Step 2. Initial Review and Analysis: Office of Conflicts of Interest and Commitment

The Office of Conflict of Interest and Commitment (COIC Office) will review the disclosure and make a determination whether the activities disclosed are clearly permissible or not. If the disclosed activities are clearly permissible, the COIC Office will provide approval notification to the discloser and update the discloser’s status in its records. 

If the activities are not clearly permissible, the COIC Office will follow up with the discloser, and any other parties believed to be relevant to the process, in order to work towards an accurate status determination.

Step 3: Evaluation and Development of Management Plans, as Necessary

When necessary, the COIC Compliance Director, will develop viable management plans to address the identified conflicts (See Section E: Management Plans for COIC Situations). (At the Boulder campus, the instrument used in researcher/academic conflicts of interest situations is a memorandum of understanding [MOU] ). Other than in exceptional circumstances, a draft MOU shall be provided to the discloser for review with an opportunity to discuss modifications, within 30 days of review. Again, other parties believed to be relevant to the situation may be contacted in order to facilitate this process. Execution of a MOU occurs by obtaining (electronic) signatures from the discloser, the unit head (academic chairperson or institute director), and the responsible dean. If the discloser is the unit head, the MOU should be submitted to the appropriate dean. If the discloser is a dean, the MOU should be submitted to the Provost.

Step 4. Secondary Evaluation and Development of Management Plans: Committees' Roles

  • a. When the Compliance Director has not fully determined that the disclosed activities are clearly permissible, and/or where there are additional and/or significant concerns, the standing Conflicts of Interest and Commitment Committee (COIC Committee) will review the case. (See Section F: Conflict of Interest Personnel). Some cases will necessitate a full review and vote. Other cases may be significant but the status and management plan needs are obvious, and standard processes will be implemented with notifications to the COIC Committee in case it has any additional concerns.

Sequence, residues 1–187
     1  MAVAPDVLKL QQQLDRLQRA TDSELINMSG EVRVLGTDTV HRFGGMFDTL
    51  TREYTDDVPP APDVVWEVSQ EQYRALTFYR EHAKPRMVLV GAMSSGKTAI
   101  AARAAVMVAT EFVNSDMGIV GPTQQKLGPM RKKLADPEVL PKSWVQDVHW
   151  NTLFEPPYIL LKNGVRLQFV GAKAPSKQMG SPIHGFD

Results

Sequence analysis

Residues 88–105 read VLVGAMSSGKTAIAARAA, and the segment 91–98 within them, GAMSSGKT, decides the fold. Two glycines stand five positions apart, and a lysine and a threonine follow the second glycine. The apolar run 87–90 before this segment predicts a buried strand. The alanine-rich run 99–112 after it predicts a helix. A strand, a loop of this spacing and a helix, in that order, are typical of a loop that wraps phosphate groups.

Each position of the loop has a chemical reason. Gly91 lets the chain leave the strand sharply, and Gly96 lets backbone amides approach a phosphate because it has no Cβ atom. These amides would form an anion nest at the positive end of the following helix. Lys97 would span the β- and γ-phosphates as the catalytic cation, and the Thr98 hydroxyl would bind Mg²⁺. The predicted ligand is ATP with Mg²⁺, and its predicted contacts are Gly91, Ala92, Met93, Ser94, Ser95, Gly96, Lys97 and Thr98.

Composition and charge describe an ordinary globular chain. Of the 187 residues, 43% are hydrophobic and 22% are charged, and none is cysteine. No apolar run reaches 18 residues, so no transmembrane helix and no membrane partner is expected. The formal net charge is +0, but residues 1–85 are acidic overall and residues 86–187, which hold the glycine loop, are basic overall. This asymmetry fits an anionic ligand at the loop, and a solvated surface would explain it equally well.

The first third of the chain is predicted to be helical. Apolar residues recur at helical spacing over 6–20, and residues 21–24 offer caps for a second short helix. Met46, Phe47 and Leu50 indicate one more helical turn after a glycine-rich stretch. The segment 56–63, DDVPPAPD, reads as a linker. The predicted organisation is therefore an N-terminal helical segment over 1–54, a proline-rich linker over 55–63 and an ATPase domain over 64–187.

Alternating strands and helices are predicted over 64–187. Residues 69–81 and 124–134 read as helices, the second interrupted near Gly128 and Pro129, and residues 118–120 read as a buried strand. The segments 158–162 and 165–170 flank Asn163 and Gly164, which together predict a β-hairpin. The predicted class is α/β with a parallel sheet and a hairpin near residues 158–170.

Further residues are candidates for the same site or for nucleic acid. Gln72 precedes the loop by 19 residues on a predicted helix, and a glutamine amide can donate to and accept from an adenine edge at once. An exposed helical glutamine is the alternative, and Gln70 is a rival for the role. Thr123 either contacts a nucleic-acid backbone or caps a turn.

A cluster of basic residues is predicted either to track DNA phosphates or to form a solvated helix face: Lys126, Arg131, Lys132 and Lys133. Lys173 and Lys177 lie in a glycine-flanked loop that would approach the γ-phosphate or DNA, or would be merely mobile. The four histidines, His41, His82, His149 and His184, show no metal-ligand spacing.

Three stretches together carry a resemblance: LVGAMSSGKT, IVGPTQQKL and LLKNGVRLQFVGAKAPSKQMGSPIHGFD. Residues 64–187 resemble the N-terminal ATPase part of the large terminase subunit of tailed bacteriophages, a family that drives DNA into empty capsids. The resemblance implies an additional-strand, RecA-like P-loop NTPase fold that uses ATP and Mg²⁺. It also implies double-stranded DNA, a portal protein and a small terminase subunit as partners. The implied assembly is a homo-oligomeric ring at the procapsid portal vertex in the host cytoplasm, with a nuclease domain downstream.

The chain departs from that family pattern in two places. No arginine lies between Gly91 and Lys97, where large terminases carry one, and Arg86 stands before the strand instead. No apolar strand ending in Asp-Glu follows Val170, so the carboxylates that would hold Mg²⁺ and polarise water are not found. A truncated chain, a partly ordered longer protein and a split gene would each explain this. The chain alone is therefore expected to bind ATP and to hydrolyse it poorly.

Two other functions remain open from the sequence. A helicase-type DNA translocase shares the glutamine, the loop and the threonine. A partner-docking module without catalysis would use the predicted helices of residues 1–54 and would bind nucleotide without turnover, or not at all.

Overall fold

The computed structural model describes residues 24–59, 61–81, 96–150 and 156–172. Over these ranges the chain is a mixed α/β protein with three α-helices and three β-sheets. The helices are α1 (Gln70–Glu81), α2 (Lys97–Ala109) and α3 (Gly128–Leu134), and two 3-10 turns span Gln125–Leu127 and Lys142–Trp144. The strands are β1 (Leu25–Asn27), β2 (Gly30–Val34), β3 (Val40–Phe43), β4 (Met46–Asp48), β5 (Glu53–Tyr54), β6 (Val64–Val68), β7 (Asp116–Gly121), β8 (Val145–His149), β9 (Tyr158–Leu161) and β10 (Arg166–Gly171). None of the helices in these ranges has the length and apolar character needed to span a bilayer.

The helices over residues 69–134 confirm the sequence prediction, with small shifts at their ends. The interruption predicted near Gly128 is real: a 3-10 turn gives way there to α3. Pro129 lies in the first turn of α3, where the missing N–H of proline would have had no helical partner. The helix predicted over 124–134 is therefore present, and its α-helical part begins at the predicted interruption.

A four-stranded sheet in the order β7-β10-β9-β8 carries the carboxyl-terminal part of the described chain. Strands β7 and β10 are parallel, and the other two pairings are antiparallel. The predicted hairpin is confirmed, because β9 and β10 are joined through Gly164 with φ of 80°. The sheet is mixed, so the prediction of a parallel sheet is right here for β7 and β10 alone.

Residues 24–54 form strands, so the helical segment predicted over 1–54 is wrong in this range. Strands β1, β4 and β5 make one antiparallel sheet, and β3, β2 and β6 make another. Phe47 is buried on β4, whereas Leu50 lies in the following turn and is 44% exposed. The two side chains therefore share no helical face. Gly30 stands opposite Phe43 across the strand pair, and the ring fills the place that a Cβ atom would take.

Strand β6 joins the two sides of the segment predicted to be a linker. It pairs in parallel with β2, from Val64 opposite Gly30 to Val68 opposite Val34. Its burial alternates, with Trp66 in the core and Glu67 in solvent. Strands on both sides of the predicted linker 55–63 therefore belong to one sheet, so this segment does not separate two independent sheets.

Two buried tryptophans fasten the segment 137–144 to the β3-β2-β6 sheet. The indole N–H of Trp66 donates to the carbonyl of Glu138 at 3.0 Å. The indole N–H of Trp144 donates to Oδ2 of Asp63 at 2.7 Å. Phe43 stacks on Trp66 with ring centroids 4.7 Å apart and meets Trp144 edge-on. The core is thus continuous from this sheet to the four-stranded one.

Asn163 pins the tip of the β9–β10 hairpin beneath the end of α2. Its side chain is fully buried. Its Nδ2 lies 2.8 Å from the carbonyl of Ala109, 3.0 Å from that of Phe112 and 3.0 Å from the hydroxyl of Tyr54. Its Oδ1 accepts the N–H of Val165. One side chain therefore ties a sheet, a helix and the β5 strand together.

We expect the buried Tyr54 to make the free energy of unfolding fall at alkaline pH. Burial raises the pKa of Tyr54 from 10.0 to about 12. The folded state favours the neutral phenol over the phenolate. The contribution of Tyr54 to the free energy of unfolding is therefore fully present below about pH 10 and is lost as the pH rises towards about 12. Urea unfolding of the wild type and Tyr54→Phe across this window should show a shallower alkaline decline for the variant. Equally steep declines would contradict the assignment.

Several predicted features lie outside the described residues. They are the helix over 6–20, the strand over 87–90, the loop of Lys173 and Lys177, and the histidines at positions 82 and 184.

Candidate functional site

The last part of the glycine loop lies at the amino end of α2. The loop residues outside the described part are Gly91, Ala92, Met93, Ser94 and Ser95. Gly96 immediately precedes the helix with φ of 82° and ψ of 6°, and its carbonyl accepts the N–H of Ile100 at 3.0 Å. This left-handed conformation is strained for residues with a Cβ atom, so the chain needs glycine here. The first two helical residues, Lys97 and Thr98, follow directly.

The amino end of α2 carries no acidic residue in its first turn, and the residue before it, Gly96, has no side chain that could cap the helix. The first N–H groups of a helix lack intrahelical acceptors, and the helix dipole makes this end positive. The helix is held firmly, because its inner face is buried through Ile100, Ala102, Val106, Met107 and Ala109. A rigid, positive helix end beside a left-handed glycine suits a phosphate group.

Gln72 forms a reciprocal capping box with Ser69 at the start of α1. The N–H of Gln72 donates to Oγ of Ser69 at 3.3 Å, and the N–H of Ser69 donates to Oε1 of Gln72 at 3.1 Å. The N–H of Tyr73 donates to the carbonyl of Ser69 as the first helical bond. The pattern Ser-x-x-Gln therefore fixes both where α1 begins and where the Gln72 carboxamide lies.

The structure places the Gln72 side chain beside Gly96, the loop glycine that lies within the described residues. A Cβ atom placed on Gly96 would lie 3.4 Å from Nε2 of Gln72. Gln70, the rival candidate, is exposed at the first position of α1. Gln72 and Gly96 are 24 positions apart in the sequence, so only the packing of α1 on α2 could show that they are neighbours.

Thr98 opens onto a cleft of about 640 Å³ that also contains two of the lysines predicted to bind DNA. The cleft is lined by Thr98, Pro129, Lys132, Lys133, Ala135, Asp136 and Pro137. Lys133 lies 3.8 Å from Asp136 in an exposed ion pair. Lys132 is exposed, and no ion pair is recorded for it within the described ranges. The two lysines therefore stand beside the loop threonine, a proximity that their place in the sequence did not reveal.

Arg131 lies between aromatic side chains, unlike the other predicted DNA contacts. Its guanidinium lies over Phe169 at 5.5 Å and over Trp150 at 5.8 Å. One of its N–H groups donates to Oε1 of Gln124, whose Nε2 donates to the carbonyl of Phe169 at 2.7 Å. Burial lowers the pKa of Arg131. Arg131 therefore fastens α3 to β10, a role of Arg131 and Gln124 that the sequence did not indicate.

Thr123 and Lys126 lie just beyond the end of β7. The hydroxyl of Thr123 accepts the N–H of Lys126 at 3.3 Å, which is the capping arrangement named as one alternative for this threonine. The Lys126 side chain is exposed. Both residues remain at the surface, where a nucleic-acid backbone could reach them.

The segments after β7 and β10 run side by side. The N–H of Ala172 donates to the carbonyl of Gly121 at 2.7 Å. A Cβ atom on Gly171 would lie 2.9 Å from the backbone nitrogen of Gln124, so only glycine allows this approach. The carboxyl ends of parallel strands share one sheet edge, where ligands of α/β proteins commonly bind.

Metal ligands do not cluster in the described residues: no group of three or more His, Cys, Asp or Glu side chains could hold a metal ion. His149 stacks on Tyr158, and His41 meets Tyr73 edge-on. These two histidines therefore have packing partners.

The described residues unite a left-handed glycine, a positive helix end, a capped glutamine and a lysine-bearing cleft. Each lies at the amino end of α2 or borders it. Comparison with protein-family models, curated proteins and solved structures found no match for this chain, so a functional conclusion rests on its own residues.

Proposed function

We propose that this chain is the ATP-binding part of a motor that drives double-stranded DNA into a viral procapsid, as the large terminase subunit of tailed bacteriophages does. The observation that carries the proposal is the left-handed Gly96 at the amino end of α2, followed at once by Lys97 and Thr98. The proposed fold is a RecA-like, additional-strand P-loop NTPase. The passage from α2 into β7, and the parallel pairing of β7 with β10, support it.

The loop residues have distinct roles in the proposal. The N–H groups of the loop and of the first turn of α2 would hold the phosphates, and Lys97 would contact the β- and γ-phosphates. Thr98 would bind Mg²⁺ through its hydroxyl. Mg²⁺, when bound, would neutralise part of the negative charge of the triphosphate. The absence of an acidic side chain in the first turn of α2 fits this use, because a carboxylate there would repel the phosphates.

• b. For exceptionally difficult issues, the Compliance Director may want to consult with the COIC Advisory Committee (See Section F: Conflict of Interest Personnel).

Step 5: Approval, Negotiation, or First Appeal

Once signatures are obtained on the MOU, the matter will be considered to be ‘in compliance’. Until that time, proposal submissions, funding awards distribution and other types of campus approvals/processes that are dependent upon an approved compliance status can only be conferred/administered in light of regulatory stipulations, and university policies and  procedures. 

If the discloser does not agree with the review process findings and/or the MOU, the discloser may submit, in writing, her/his concerns for further consideration. Discussions may occur only with the COIC Office, or in consultation with members of the standing COIC Committee, the unit head, the dean, or other experts/administrators on campus, etc. For consistency purposes the COI MOU template is not altered except for the section that provides a description of the situation. However, a companion instrument, e.g. Attachment B, may be utilized to meet any unique concerns/clarifications of the discloser, the University, or a federal sponsor. By doing do, agreement to the MOU may be more readily reached.